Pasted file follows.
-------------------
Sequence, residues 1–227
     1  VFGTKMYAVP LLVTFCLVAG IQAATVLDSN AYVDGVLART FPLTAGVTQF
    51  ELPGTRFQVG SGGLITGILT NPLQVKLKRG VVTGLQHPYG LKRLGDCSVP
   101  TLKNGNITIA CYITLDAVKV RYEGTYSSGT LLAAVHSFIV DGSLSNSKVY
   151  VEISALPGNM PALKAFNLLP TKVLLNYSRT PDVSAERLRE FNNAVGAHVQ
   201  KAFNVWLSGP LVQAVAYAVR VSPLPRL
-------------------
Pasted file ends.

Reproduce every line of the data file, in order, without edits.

Sequence, residues 1–227
     1  VFGTKMYAVP LLVTFCLVAG IQAATVLDSN AYVDGVLART FPLTAGVTQF
    51  ELPGTRFQVG SGGLITGILT NPLQVKLKRG VVTGLQHPYG LKRLGDCSVP
   101  TLKNGNITIA CYITLDAVKV RYEGTYSSGT LLAAVHSFIV DGSLSNSKVY
   151  VEISALPGNM PALKAFNLLP TKVLLNYSRT PDVSAERLRE FNNAVGAHVQ
   201  KAFNVWLSGP LVQAVAYAVR VSPLPRL